How many times have you run a race and given any thought to all the effort that must go into timing your race (and everyone else’s)?
According to today’s patent, the previous systems required a time-consuming association process – i.e., associating each bib number with an identification (ID) number of a radio frequency identification (RFID) in the bib or chip.
For example, the patent states that previous chips were read-only memory (ROM) based RFID tags or chips which operate in the LF or low frequency (e.g., <135 kHz) or HF or high frequency (e.g., 13.56 MHz) bands. Each ROM chip would have an associated identifier (e.g., a serial number). The ROM chips would have be arranged on a wire or line in order to maintain their sequence. And one at a time, each identifier would be then associated with a bib number for the event. Of course, the bib numbers would also have be later associated with the identity of the participant too. All this information would be kept in a spreadsheet or lookup table or other suitable database, and all the chips would have to be kept in the proper order. Problems might arise when a human error was made in this association process; after which considerable efforts must then be made (e.g., by event organizers and managers) to reprocess the tags and bib numbers – essentially repeating the entire association process.
Generally, RFID tags operate by a reader (e.g., at the start and finish lines) emitting radio frequency (RF) energy in a region proximate to the chip or the bib (having a chip). This energy is absorbed by the chip or tag and provided the amount of energy is sufficient, a current is induced in a coil in the tag which in turn activates an integrated circuit (IC) which transmits the tag’s identification back to the reader (e.g., at the start and finish lines).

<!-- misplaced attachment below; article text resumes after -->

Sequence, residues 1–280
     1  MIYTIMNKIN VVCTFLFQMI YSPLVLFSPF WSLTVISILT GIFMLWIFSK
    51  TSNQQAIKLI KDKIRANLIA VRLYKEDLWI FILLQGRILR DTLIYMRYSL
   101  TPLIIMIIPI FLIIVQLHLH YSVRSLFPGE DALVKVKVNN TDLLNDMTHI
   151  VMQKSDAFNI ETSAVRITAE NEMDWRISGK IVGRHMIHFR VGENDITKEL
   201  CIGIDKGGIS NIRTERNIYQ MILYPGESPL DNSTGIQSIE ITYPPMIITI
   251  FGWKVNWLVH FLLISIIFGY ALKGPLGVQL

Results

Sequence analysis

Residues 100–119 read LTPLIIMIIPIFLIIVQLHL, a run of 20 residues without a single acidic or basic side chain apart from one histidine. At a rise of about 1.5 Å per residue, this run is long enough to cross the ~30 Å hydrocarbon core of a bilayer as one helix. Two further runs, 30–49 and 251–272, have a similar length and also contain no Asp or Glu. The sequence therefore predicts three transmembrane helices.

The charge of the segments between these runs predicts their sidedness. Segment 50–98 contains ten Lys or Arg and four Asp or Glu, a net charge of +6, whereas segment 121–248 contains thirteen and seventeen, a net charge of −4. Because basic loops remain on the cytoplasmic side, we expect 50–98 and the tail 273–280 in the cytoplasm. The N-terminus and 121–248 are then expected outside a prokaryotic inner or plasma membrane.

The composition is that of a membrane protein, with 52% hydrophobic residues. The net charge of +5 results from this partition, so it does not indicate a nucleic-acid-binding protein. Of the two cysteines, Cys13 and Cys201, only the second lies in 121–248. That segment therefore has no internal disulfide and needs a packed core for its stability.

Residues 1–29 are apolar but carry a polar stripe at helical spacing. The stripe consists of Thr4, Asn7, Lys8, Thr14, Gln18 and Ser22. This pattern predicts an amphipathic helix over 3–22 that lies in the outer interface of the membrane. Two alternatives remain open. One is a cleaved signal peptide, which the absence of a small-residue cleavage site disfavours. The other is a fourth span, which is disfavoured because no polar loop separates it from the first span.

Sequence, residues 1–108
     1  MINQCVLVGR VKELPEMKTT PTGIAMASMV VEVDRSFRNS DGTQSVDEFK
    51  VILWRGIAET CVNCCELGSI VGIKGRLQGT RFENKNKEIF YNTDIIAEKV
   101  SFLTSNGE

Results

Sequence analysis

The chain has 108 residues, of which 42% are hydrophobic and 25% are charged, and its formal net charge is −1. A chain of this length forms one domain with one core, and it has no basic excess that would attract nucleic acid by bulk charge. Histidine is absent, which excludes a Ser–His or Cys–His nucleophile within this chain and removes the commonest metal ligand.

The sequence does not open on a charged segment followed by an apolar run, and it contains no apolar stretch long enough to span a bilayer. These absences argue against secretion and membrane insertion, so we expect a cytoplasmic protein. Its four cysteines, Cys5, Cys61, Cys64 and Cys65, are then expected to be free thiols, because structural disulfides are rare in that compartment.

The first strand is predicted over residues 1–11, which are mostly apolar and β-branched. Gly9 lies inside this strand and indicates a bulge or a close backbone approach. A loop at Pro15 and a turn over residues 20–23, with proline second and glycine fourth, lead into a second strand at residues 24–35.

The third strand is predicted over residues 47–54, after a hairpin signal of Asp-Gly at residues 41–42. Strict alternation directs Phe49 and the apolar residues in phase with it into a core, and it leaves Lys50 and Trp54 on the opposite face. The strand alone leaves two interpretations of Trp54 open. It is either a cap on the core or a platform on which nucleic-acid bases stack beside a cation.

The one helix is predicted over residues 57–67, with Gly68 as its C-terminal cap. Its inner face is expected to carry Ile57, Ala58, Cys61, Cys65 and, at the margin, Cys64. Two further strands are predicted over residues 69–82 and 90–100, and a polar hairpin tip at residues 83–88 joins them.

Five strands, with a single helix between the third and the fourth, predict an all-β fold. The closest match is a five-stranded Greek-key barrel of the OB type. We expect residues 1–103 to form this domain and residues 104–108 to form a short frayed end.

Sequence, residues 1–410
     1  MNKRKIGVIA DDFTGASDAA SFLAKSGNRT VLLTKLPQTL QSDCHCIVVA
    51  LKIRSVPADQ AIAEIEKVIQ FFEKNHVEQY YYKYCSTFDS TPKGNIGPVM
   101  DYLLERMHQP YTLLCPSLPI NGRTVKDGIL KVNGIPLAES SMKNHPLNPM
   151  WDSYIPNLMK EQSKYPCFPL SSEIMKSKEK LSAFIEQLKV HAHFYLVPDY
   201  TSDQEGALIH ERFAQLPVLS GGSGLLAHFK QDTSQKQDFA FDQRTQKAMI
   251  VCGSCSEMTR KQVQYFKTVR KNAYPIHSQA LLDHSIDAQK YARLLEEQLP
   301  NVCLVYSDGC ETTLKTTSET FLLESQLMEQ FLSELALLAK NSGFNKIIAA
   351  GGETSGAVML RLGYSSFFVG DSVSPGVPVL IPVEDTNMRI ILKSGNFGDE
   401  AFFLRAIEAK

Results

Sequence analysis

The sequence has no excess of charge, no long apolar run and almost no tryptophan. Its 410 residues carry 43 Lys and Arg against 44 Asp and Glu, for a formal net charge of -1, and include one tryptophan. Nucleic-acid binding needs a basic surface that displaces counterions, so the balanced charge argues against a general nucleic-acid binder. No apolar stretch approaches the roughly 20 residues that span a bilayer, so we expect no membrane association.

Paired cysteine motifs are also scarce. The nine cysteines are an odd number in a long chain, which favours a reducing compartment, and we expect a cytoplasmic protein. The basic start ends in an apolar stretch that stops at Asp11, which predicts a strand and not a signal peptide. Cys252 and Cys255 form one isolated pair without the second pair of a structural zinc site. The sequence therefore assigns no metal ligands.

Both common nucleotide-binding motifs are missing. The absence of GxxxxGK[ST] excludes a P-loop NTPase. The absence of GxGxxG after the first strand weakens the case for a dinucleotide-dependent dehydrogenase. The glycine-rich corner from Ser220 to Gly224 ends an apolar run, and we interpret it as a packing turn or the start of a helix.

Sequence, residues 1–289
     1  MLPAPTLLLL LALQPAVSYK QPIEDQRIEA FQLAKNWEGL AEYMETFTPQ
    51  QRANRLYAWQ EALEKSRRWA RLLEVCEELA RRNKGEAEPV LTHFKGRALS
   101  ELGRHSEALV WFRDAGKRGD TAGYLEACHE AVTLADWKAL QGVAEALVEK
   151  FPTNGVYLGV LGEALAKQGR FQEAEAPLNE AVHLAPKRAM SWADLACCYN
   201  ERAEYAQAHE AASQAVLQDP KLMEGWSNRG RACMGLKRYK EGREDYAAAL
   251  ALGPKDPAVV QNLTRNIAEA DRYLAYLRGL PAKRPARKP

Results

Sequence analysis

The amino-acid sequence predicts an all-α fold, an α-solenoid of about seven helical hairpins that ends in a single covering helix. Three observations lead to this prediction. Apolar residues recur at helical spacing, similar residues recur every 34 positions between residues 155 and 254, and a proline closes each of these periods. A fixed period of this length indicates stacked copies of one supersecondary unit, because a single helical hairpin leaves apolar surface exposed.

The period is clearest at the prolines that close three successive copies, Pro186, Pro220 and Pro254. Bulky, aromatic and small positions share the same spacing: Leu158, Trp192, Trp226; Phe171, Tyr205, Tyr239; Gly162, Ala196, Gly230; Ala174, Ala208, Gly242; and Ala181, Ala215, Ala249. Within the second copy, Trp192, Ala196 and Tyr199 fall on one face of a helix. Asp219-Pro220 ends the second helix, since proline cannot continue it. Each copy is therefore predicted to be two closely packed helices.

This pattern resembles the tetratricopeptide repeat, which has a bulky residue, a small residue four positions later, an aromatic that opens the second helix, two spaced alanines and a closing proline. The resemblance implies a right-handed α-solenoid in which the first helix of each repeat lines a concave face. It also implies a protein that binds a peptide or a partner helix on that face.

US Patent 8,179,233 teaches that Class 1 Gen 2 tags require ultra high frequencies (UHF) and include writable memory into which data can be wirelessly encoded (rather than ROM memory). Writable memory eliminates the more lengthy process of association – instead, the bib number can be written directly into the tag as its unique identifier.
The UHF range is approximately 900 MHz – 928 MHz. The patent states that in the past, UHF was thought to be unreliable in applications such a race bib numbers, because too much radio frequency (RF) energy would be absorbed by the human body. However, according to the patent, the inventor discovered that any absorption losses could be minimized by separating the tag from the human body by at least one inch or providing proper shielding. The inventor further went on to prove that UHF was feasible using empirical data.
The inventor studied and tested various configurations of antennas and tags and conducted pilot testing in actual races – pilot locations included the Chicago and Detroit Marathons of 2007 where the primary timing chip was the ChampionChip and his chip was the pilot chip.
Today’s patent (U.S. Pat. 8,179,233) was issued on May 15, 2012. The full text may be found here (last visited May 23, 2012). The patent appears to be owned by the inventor Arash Kia of Portland, OR.
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